The Australian, who first arrived in Los Angeles in the early nineties, held a variety of roles in entertainment and event planning.
But it was an unusual request that set her on the path of founding a theatrical draping company, Sew What?
, which provides concert backdrops for A-list stars like KISS, Rod Stewart and John Legend and helps her clients' designs come to life.
"One day somebody said to me 'would you like to sew some coffins for a Halloween event?' And I said, 'You want me to sew what?' That's where the company name comes from," says Duckett.
She took on the challenge, taught herself to sew and discovered that not only was she very good at it, but she also enjoyed it.
Million dollar hobby
Opportunity struck. Duckett identified a void in the market when it came to concert backdrops.
"It just seemed that there were stock items. There was nothing and nobody being particularly creative, creating the custom-made elements," she admits. "With a little creativity and the incentive to go digging around to find the clients, I knew that there was an opportunity there," Duckett adds.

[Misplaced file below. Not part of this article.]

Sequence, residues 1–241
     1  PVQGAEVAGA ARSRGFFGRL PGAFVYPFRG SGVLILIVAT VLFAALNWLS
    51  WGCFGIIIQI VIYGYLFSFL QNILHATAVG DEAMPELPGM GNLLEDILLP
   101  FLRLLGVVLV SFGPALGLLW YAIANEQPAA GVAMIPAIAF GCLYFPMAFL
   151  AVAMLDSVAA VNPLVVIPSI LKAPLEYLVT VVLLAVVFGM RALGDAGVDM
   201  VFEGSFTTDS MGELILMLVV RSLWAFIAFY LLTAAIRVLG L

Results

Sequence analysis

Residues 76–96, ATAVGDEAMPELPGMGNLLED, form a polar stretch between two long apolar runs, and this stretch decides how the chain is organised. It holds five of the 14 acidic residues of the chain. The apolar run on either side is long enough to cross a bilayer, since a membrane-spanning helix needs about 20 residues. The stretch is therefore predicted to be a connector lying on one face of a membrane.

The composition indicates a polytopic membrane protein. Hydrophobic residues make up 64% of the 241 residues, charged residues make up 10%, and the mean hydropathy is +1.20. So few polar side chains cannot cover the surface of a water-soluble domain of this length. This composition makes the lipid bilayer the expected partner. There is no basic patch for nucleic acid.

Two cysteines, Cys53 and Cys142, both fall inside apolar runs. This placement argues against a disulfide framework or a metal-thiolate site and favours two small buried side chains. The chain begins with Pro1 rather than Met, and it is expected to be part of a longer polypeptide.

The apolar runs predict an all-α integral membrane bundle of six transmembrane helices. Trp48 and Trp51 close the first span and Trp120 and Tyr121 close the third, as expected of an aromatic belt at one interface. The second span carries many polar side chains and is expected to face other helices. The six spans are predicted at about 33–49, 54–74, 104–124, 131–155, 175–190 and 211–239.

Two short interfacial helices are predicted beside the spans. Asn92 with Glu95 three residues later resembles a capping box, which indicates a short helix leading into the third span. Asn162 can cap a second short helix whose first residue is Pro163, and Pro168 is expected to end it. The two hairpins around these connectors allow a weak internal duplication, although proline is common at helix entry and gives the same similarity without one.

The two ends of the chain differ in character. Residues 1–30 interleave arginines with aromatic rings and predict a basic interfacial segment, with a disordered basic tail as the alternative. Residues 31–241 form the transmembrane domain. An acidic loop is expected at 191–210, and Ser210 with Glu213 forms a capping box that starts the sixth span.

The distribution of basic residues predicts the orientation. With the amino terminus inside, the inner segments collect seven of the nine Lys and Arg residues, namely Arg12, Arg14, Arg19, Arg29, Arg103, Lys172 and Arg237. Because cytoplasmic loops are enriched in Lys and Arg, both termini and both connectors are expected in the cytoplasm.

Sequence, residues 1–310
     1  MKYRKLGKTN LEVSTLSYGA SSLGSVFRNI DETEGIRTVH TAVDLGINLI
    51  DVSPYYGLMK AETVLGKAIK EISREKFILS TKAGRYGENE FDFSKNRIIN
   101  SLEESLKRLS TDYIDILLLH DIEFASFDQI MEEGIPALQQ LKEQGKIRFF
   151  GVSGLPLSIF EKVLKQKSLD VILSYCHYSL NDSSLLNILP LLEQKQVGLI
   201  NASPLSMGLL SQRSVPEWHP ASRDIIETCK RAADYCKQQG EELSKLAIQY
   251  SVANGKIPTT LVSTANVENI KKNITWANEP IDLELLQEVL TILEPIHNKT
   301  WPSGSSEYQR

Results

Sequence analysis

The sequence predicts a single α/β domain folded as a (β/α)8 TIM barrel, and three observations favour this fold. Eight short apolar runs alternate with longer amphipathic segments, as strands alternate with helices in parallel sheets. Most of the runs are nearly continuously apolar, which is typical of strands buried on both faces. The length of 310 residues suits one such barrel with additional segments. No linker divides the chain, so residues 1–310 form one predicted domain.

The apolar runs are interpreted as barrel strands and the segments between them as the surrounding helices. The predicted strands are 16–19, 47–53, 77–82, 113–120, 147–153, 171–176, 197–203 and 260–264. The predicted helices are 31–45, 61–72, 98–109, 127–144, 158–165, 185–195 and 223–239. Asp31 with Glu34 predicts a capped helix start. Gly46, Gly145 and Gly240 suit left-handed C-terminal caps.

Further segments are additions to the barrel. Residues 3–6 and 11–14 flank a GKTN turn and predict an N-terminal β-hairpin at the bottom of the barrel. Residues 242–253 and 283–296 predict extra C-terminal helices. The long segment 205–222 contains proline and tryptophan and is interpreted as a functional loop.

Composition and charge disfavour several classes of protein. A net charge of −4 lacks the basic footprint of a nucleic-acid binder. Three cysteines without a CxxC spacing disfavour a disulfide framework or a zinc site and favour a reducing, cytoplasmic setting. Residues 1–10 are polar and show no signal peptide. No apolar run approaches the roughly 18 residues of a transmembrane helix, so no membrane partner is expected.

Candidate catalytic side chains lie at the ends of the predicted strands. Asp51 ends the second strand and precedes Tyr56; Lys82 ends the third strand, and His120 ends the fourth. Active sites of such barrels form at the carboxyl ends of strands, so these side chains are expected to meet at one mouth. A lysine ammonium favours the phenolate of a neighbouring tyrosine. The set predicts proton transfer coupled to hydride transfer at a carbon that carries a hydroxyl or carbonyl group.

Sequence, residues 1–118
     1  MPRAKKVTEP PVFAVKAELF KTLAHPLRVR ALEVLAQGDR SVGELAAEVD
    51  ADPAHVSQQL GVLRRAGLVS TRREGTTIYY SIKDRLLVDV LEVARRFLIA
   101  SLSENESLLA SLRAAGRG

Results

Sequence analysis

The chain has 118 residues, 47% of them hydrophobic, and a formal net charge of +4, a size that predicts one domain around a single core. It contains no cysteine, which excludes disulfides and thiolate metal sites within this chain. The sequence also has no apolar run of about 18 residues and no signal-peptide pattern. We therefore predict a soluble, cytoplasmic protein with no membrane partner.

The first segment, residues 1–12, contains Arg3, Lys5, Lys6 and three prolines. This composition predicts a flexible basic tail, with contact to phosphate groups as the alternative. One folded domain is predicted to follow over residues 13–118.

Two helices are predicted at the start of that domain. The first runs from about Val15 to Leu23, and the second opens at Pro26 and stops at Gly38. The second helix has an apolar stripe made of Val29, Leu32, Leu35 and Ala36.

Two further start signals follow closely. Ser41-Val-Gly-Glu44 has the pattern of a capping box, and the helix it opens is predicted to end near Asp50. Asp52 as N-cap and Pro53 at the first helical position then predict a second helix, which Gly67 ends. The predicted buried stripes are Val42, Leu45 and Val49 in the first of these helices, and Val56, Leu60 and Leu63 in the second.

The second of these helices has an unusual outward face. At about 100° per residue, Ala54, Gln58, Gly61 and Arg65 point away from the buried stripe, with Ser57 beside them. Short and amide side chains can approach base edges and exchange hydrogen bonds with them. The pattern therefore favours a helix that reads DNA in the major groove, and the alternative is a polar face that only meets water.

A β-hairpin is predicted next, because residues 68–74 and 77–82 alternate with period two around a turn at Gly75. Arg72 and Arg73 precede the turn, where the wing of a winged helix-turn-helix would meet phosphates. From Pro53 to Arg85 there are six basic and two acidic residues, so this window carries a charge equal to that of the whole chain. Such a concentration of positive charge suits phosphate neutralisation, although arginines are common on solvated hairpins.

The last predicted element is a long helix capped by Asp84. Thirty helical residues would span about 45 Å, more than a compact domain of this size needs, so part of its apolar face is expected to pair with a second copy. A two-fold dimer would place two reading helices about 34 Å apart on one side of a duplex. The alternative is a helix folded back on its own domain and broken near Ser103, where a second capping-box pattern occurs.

Fast forward 18 years and Sew What? -- which started as a solo operation with Duckett sewing and taking orders over the phone -- is today a business with $7 million in annual revenue which employs 35 people.
Some of Duckett's lofty creations include massive fabric chandeliers crafted for a New Year's Eve party at the Mirage in Las Vegas, and a gigantic towel made for a promotional event. It weighed 1,200 pounds and had to be hauled out of the beach where it lay with a forklift.
In spite of her success, Duckett doesn't hide the fact that leaving a full-time job for what was at the time just a hobby was terrifying.
"We didn't have a business plan, we just did it," she confesses. "There were questionable moments when we said, 'Whoa! Been up for seven days straight. Had no sleep. Can't make the bills. This is a little frightening,'" she adds.
Master of your destiny
She still occasionally loses sleep thinking about the business, but the anxiety is balanced with the excitement of the challenge at hand.
"It's certainly very invigorating to own a business, to manage a business, to be in charge of the decision-making," she says. "For me, the independence of that is what's really key. I like to kind of be the master of my own destiny."
The entrepreneur has a few tips for those in the transitional phase of switching careers: remain focused, believe in themselves, but always remain open to criticism.
Duckett advises: "While it's often hard to take advice from others when we're in that passionate phase, there are usually snippets of really wonderful grains in there. You know, take a little from everywhere, and bring it in to what you're doing. Don't give up. Keep at it."